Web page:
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Darwin Correspondence Project

From J. D. Hooker   [15 June 1865]1



Dr Darwin

I am wonderfully taken with Tylor’s book & anxious to know your opinion of it—which seems to me quite exceptionally good.2

I have an admirable note from Huxley about this Lyellian affair, of the demerits of which he seems have a perfect appreciation. I enclose it.3

I have just begun your climbers.4

My wife does not recover fast,5 & still complains of a good deal of pain. We hope to get away to Teesdale on the 26th. the Benthams going with us.6—sleeping at York the first night.

Ever Yrs affec | J D Hooker


Jermyn St.

June 12th. 1865

My dear Hooker

I did not reply to your note last week7 as I was in hopes after all that you might have come upon our ploy, which was very successful always excepting your own and Mrs Hooker’s absence which was a great regret to all of us. I trust our not having you with us is no evidence that Mrs Hooker is any worse.

As you say, this Lyello-Lubbockian business is not a pleasing shindy. I have known all about it from the first from Lubbock & have given such advice as I thought would tend most towards a peaceful solution of the difficulty—8 Latterly Lyell has been to me & I have found it very difficult to deal honestly with both sides without betraying the confidence of either or making matters worse

The candle is a very small one & by no means worth the game— and I should have absolutely dissuaded Lubbock from taking any notice of the small plunder that had taken place, if it had not been for that unlucky note in which Lyell (innocently I do believe but very stupidly) expressly affirmed he had got nothing from Lubbock:9 & thereby (as it was obvious somebody had copied from somebody)—threw the onus upon Lubbocks shoulders— This rankled in Lubbocks mind & like all quiet and mild men who do get a grievance he became about twice as ‘wud’10 as Berserks like you & me. It was as much as I could do to get him to write to Lyell for an explanation before coming out with a preface to which what you have seen is milk & water.11 I hoped that Lyell would see he was in a mess & would set the whole affair straight with half a dozen words of frank explanation as he might have done— Instead of that came a long windy affair looking at the whole business from an exclusively Lyellian point of view and really dictating to Lubbock what he should do to get Lyell out of the scrape— Of course the Lubbockian furnace got seven times hotter and it is a mercy nothing worse came of it than what you saw in Lubbocks preface12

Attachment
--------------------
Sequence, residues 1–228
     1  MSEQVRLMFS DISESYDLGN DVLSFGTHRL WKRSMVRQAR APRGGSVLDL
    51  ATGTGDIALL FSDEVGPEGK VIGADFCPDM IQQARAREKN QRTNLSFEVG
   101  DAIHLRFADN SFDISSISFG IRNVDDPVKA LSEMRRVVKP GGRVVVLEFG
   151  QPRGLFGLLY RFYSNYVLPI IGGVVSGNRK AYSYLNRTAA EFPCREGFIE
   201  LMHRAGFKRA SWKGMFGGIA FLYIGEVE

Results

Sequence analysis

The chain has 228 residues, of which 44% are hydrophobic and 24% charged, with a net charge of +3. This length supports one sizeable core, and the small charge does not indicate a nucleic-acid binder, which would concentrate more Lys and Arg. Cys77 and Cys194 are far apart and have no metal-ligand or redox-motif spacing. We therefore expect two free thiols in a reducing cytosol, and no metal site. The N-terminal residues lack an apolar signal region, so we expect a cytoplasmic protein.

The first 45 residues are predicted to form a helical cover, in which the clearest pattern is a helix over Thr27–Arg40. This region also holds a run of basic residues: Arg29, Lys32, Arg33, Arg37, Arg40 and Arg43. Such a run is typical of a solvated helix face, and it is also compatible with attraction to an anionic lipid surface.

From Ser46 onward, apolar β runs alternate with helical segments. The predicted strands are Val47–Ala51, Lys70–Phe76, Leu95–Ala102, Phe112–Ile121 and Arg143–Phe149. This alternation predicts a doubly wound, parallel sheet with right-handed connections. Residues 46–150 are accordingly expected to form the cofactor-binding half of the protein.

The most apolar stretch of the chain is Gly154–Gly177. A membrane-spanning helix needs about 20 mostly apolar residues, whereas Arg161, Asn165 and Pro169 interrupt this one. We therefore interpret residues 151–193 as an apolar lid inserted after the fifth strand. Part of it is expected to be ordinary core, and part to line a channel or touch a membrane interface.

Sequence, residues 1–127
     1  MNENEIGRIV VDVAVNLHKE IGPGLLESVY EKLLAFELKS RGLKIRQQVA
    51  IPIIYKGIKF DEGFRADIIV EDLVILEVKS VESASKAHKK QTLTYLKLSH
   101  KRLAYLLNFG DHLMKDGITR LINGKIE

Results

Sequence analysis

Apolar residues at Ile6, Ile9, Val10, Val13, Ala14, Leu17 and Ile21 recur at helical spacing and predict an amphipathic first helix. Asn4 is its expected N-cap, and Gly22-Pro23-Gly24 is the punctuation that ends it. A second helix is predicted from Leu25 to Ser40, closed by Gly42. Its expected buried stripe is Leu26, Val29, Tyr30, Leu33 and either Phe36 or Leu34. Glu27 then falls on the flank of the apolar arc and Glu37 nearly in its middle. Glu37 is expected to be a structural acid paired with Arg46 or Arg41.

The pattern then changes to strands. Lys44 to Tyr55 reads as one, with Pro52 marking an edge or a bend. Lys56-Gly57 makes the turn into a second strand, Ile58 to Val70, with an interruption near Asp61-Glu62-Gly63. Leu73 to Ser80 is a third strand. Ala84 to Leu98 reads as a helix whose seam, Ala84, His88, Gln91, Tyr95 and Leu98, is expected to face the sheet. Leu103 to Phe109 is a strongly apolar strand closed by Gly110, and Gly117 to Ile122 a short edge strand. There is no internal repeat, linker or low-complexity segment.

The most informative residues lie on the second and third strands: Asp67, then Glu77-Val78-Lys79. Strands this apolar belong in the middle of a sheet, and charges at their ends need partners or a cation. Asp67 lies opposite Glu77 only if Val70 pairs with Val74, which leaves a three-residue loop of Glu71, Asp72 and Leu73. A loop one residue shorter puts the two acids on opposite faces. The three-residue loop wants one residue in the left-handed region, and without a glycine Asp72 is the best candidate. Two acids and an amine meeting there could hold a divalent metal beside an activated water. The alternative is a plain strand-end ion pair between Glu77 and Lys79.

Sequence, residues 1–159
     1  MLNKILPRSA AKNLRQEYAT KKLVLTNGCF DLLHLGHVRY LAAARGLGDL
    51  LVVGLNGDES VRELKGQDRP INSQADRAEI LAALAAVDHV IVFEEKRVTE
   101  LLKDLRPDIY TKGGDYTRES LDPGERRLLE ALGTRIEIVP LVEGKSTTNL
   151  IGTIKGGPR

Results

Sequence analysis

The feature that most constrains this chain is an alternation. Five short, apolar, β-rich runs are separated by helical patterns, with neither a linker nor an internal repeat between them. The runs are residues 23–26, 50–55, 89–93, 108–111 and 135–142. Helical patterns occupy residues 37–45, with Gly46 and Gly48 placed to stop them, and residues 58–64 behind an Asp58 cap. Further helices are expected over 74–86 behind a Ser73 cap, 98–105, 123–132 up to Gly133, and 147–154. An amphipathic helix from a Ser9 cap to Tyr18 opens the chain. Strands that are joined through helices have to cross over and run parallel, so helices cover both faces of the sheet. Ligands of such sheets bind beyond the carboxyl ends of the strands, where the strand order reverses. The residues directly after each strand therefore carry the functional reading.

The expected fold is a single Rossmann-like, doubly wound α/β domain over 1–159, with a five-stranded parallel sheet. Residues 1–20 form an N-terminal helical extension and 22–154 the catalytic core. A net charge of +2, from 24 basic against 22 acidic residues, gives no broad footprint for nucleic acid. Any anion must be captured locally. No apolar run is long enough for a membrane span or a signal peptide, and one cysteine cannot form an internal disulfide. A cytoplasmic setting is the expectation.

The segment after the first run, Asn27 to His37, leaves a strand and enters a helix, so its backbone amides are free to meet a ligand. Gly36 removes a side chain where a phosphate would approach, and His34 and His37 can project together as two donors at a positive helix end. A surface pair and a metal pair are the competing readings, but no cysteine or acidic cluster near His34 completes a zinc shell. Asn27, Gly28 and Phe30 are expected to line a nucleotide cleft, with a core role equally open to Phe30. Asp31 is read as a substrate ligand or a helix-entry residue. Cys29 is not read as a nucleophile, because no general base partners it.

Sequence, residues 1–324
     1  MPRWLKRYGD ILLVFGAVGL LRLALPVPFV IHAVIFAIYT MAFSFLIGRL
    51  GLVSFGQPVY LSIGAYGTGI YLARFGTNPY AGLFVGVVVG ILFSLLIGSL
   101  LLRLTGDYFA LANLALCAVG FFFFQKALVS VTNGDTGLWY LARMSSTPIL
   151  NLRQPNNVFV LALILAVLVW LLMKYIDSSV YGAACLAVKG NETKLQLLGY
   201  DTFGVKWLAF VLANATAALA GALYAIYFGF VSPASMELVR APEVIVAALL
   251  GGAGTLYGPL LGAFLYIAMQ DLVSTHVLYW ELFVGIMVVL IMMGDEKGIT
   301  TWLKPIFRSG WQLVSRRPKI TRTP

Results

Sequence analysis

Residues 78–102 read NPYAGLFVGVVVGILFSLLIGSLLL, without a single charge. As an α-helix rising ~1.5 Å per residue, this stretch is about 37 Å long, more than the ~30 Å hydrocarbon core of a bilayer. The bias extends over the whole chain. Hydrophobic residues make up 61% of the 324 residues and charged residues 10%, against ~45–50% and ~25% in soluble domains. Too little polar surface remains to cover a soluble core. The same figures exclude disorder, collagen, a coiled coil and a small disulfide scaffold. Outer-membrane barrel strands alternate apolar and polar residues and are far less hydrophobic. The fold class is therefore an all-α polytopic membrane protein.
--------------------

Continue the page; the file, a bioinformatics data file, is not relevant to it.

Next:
I am very glad you backed up my advice to Lyell.13 I must say he has behaved fairly enough since I put my finger into the pie and has done all I asked him to do— Lubbock I hope, will also comply with my (or rather I should say our Tyndall & Busk14 being his advisers with me) advice to cancel his own note & then all trace of a shindy which one will be glad to forget will have been wiped out.15

I don’t mind fighting to the death in a good big row but when A and B are supplying themselves from C’s orchard I don’t think it is very much worthwhile to dispute whether B filled his pockets directly from the trees or indirectly helped himself to the contents of A’s basket— If B has so helped himself he certainly ought to say so like a man: but if I were A, I would not much care whether he did or not